March 23, 2021 3 min read

With pools having been closed for the best part of 4 months (if not more!), youth athletes and their coaches and parents will all be desperate to get back in the water.  While clubs up and down the country have done their best to keep their athletes fit and ready to return to training with online workouts, athletes aren’t going to be going back to the pools with their usual levels of fitness. So, how can nutrition help to ensure athletes return to training safely?

 

Energy

Focusing on and getting your nutrition right before and after a training session and ensuring your body is getting enough fuel is key. With training hours having been dramatically cut in lockdown, athletes energy expenditures will have been much lower too. As these are ramped back up with regular training, the amount an athlete eats will need to be increased to match too.

 

Under fuelling can be hugely detrimental to many different aspects of an athlete’s performance, but more importantly their health too. To reduce the risk of injury and illness as training levels return to normal, athletes should be eating at least 3 meals and 2 snacks each day, and these should be timed around training sessions too.

 

Carbohydrates

Carbohydrates are absolutely king when it comes to a teen athletes’ diet. They’re the main source of energy that the body uses during exercise, especially high intensity sessions [1]. A return to normal training will probably also see a huge increase in the intensity and duration of sessions compared to the Zoom workout of lockdown. This means that carbohydrate intakes will need to be increased to make sure the body has enough fuel.

 

Protein

The more you train, the more your muscles are worked and the more they are worked, the more they need to adapt and repair. Having plenty of protein in the diet is vital to ensuring that muscles can continue to grow and repair and to reduce muscle soreness after training too. Include a source of protein in each meal (especially breakfast) and eat two high protein snacks on training days too. After a training session is an especially important time to get one of these protein feeds in.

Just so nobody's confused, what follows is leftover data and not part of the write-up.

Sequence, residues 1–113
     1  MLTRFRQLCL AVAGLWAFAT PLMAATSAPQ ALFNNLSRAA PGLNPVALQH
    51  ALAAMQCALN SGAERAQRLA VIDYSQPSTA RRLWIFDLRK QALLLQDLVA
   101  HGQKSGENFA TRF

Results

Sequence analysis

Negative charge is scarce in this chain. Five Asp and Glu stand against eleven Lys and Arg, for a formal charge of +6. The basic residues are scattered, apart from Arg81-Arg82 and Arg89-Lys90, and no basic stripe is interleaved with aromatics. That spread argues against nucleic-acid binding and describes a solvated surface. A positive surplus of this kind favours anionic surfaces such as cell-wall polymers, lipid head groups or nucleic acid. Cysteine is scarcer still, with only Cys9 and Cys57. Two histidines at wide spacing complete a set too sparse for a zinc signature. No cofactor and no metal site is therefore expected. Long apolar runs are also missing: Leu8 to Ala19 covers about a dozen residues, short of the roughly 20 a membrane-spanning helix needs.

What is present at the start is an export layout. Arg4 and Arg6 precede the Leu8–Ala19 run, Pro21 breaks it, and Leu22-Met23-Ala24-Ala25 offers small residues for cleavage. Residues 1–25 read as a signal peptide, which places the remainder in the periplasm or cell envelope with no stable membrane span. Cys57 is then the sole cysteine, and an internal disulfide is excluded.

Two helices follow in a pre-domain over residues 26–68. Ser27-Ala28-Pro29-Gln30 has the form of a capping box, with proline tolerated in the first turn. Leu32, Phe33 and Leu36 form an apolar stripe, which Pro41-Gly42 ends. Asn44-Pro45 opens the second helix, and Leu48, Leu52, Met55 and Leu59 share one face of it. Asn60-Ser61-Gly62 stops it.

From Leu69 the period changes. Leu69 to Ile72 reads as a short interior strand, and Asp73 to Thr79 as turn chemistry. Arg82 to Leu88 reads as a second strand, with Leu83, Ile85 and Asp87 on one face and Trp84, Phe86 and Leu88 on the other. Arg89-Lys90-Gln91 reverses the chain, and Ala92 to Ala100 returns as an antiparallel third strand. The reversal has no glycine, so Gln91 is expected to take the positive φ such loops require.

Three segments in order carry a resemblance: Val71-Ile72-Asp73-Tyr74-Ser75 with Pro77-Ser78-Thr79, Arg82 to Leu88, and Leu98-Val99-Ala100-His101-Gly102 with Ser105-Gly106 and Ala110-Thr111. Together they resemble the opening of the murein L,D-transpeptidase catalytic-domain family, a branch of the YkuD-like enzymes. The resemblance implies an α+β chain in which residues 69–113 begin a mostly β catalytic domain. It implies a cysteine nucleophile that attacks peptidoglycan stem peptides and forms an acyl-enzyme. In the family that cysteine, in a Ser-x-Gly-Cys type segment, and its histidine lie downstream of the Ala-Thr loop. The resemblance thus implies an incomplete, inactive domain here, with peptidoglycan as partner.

Omega-3

As training levels increase and athletes return to exercising in different ways to what they have over the winter months, muscle soreness and DOM’s are going to be inevitable. Plenty of foods that are high in omega-3 fatty acids should be included in the diet as training gets back under way to help reduce inflammation and muscle soreness [2]. Oily fish are the best source of omega-3s to help reduce muscle soreness, but some is also found in walnuts, chia and flax seeds or in a fish oil supplement for vegetarian or vegan athletes.

 

Sleep

Sleep is one of the most overlooked and easiest to access of all of the recovery tools. It plays a key role in both physical and mental recovery from exercise [3], so is going to absolutely crucial in the return to training. 9 hours per night is the suggested amount that youth athletes need to achieve [2]. Anything less than this and they may see detriments to all aspects of their performance.

 

So, not only is nutrition key to good performance, but more importantly it’s essential to youth athlete’s health and injury risk too. Before youth athletes get back to training, coaches and parents need to ensure that their athletes know how to fuel well to reduce the risk of injury and to make sure they can perform at their best too.

 

We know that  nutrition can be a minefield, especially for young athletes after so long away from training. So to help educate athletes and their parents on good nutrition and to ensure the body is fuelled properly to return to training safely, we've  put together a simple downloadable guide on nutrition for returning to trainingHead over to our websitehere to buy and download. 

Or, If you want some nutrition advice tailored specifically to you and your youth athlete, why not book in a call with our nutrition team for some expert advice? Click here to book.

 

References

  1. Burke, L., Hawley, J., Wong, S. and Jeukendrup, A., 2011. Carbohydrates for training and competition. Journal of Sports Sciences, 29(sup1), pp.S17-S27.
  2. Jouris, K. B., McDaniel, J. L., & Weiss, E. P. (2011). The effect of omega-3 fatty acid supplementation on the inflammatory response to eccentric strength exercise. Journal of sports science & medicine10(3), 432.
  3. Fullagar, H. H., Duffield, R., Skorski, S., Coutts, A. J., Julian, R., & Meyer, T. (2015). Sleep and Recovery in Team Sport: Current Sleep-Related Issues Facing Professional Team-Sport Athletes, International Journal of Sports Physiology and Performance10(8), 950-957.
  4. Halson, S., 2017. Sleep and Athletes. [online] Gatorade Sports Science Institute. Available at: <https://www.gssiweb.org/sports-science-exchange/article/sse-167-sleep-and-athletes> [Accessed 23 March 2021].\

 

 

Emmy Campbell
Emmy Campbell

YSN Lead Nutritionist. Emmy holds a BSc. in Human Nutrition, MSc. in Sports Nutrition and is a Registered Associate Nutritionist (ANutr). Emmy is also on the Association for Nutrition (AfN) and The Sport and Exercise Nutrition Register (SENr).


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